“Those who cannot remember the past are condemned to repeat it.”
I’ve been thinking about that famous quote from philosopher and essayist George Santayana while watching a few of the rebuilding franchises around the National Hockey League.
We talked about the rise and fall of two of the greatest franchises of the last decade – the Detroit Red Wings and Chicago Blackhawks – last year. By design, the NHL induces long-term parity, and it’s unlikely either of these teams would have been able to avoid slippage in the standings. But handing out a series of legacy contracts and failing to capitalize on draft picks ended up being a death knell for both, and now the fan bases have to sit patiently as the team’s cap situation sorts itself out. (It’s also worth mentioning there are examples of better cap management sustaining organizational performance over longer periods – ask the Boston Bruins and San Jose Sharks about that.)
That brings me to a third team in the Los Angeles Kings. The Kings picked up where the Red Wings and Blackhawks left off, dominating the earlier parts of this decade en route to a pair of Stanley Cups. Their style of play – a militaristic buy-in to a dump- and-chase style of hockey with hyper-aggressive forechecking – threw opponents for a loop, and most of their core talent was on the right side of the aging curve.
But the Kings, much like the Red Wings and Blackhawks before them, have struggled to adapt. A more modern offensive game, one that’s become increasingly apparent over the last five seasons, has neutralized Los Angeles’ defensive advantage and put a massive spotlight on an increasingly ineffective attack.
They also struggled with the transition off the ice. Those legacy contracts still haunting the Red Wings and Blackhawks are starting to come home to roost for the Kings. Across five players – Jonathan Quick, Anze Kopitar, Drew Doughty, Jeff Carter and Dustin Brown – the team holds about $200 million in long-term cap liability, and that’s excluding other contractual messes like Dion Phaneuf’s four-year buyout or Mike Richards’ recapture penalty.
Those contracts range from regrettable to utter disasters. But the most curious players in that group are Kopitar and Doughty. Absent Quick’s playoff goaltending performances, I doubt you could find players who were more responsible for the pair of Stanley Cups. But that was some time ago. Here we are, in 2019, where Kopitar ($10-million AAV through 2023-24) and Doughty ($11-million AAV through 2026-27) are still paid like superstars, but may not be producing like superstars.
At their best, Doughty and Kopitar were two of the best play-driving skaters in the league – Doughty from his swift north-south transition game, Kopitar from his two-way acumen and playmaking abilities in the offensive zone. But the advantages they’ve carried over teams for years have eroded to the point where the Kings’ “top unit” is struggling to drive results.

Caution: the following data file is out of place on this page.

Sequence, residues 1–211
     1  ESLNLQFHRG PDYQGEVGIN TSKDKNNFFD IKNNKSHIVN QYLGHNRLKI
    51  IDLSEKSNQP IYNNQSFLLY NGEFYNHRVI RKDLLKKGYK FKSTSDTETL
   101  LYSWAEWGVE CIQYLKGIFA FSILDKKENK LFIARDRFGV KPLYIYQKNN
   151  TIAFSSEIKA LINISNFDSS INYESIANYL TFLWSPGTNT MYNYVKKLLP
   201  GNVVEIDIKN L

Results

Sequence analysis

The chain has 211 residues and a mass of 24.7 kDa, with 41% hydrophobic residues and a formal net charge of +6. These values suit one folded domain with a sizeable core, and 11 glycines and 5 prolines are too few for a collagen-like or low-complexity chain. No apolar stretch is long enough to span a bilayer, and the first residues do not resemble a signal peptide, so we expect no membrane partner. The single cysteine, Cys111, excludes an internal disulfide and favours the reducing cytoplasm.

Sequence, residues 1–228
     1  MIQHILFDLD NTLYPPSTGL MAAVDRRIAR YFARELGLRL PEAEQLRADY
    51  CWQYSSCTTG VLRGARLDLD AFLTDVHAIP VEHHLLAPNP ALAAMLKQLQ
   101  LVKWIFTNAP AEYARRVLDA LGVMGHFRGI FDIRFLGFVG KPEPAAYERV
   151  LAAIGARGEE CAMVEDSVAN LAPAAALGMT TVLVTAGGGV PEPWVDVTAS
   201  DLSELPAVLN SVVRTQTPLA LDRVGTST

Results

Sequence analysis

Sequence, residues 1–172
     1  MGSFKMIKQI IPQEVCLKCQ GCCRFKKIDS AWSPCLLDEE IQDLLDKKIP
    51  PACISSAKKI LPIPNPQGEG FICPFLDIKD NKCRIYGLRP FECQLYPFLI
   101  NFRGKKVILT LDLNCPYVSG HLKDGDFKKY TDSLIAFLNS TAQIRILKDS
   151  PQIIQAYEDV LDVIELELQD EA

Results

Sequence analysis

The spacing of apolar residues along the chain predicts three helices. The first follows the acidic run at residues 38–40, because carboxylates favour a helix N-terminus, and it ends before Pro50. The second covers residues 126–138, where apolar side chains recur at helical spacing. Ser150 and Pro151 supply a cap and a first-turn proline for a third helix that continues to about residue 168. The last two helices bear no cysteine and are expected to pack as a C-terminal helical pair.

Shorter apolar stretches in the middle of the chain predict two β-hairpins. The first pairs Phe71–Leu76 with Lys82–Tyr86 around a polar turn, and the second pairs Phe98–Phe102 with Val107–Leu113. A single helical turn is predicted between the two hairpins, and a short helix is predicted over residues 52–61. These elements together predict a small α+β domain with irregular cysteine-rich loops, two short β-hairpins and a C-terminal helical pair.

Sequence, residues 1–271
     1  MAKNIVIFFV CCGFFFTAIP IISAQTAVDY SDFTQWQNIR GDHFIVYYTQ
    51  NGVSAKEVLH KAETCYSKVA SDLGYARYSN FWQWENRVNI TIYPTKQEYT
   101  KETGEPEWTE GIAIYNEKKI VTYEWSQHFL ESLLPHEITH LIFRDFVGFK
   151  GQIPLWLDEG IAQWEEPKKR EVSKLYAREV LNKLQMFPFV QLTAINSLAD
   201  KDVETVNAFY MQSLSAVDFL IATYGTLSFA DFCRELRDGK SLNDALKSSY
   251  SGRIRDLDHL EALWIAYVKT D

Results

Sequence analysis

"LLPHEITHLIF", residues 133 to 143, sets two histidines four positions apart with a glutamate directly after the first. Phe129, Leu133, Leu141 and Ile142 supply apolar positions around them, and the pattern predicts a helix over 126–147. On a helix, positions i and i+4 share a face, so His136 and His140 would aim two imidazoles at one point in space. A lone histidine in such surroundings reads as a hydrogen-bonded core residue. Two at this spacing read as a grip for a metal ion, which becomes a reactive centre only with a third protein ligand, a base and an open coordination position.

Consider the way both of these players have impacted Los Angeles’ shot share over the last six seasons:
You can almost see the three phases of the Kings transition here – from elite Western Conference team, to Western Conference playoff team trying to hang on, to a team that’s now getting outshot on a relatively routine basis. The most fascinating part of the graph is what has happened over the last 80 or so games where Los Angeles actually carries more of the play with their top unit off of the ice than on, and it’s been that way for some time.
Those relative numbers may not be obvious from the shot share – especially with Los Angeles’ general puck dominance eroding over a similar timeline. But one thing we can do is look at how each player has individually impacted his teammates’ performances over the years. We tend to see true stars drive favourable shot shares, scoring chances, expected goals, and, over longer samples, actual on-ice goal differential. That’s what we saw from Kopitar and Doughty until recently:
It is hard to imagine that both players have lost their game. There is a new head coach in town and the roster still leaves a tremendous amount to be desired – it is, after all, a team in the middle of a rebuild.
But to call it concerning that Los Angeles’ superstars are having such a hard time positively influencing their teammates’ play and the play of the team more generally would be an understatement. If not because these are the early signs of real age-induced performance degradation, then because the team is married to both players for the distant future.
Data via Natural Stat Trick, Hockey Reference, and Evolving Hockey